Proposed regulations target illegal organ trading

Proposed regulations target illegal organ trading

Bülent Sarıoğlu - ANKARA
Proposed regulations target illegal organ trading

A legislative proposal submitted to parliament aims at ending the illegal human organ trade that has been on the rise for some time in Turkey.

There have been reports suggesting Turkish people are selling their kidneys on social media mediums and other internet platforms, prompting the government to take action.

The proposed legislation, which targets the illegal trading of human organs, regulates who donate and receive organs for transplant operations.

The proposal removes the conditions that couples should be married for at least two years to be eligible to donate and receive organs from each other. It also says a special ethics commission will be established in provinces, which have transplant centers at hospitals.

Transplant operations are allowed between fourth-degree relatives, according to the proposal.

If a patient is unable to find a suitable organ from fourth-degree relatives or a spouse, then the transplant ethics committee will decide whether the transplant should be carried out with organs donated from someone who is not a relative or spouse.

“This proposal fills a vacuum in the respective law,” said Ahmet Demircan, a lawmaker from the ruling Justice and Development Party (AKP), who submitted the proposal.

Floor debate this week

Lawmakers are expected to debate the omnibus bill, which includes regulations regarding transplants and restricts employing doctors who were dismissed with emergency decrees, in the general assembly this week.

Another controversial proposal included in the bill expands a ban on sperm and egg donations.

According to this particular legislation, a doctor who refers people to donation centers to seek fertility treatment in foreign countries may risk facing up to five years in jail.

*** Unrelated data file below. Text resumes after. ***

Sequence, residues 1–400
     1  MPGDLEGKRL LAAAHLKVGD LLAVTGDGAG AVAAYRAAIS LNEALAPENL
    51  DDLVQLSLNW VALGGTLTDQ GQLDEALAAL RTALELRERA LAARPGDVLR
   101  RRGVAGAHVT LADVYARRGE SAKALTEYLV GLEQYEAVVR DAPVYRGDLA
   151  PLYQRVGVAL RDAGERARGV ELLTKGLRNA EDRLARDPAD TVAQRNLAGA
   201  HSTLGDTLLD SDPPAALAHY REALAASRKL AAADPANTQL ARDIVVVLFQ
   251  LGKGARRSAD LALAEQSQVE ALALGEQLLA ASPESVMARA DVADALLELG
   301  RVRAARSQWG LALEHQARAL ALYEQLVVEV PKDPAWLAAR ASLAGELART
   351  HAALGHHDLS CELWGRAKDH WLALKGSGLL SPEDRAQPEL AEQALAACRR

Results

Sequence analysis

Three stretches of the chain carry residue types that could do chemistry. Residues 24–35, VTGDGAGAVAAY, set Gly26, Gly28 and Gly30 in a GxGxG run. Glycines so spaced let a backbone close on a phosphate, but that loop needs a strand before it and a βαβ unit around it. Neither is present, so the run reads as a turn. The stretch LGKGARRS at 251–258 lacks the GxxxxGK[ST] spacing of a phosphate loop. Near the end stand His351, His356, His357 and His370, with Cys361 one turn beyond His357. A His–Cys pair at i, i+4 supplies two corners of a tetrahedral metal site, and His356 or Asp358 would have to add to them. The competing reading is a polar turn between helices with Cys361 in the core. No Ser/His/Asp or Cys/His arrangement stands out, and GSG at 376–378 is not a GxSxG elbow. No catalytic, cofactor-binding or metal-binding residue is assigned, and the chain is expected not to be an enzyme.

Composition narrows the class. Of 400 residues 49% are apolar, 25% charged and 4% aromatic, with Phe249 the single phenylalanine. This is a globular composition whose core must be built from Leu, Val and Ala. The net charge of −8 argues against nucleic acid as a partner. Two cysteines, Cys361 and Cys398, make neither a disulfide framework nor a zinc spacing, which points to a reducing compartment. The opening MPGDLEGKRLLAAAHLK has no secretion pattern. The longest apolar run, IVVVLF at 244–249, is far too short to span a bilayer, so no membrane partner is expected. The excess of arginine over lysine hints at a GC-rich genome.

Another provision in the proposed bill, however, widens the scope of support provided by the Social Security Institution (SGK) for infertile families. Accordingly, women who are older than 23 years and younger than 40 years will be eligible to seek state support to have medical assistance to have a baby. SGK will provide financial assistance to those women.

Opposition lawmakers have criticized another controversial proposal that regulates employing doctors who were dismissed with emergency decrees.

According to the draft bill, medical doctors, medical practitioners and dentists who have been dismissed with emergency decrees for being affiliated with terrorist groups and are deemed security threats by the National Security Council will not be able to work at public hospitals and will only be able to work at private hospitals and private hospitals that work with state institutions.

Main opposition Republican People’s Party (CHP) deputy leader Özgür Özel claimed this proposed legislation condemns those doctors to “starvation.”

“This is a death legislation” for doctors who in fact “struggle to save lives,” said Tuba Vural Çokal from the İYİ (Good) Party.

Defending the draft, Demircan said doctors could still legally challenge the decisions taken against them.

“They could appeal to the commission or take the issue to courts. This is what they are doing,” he said.

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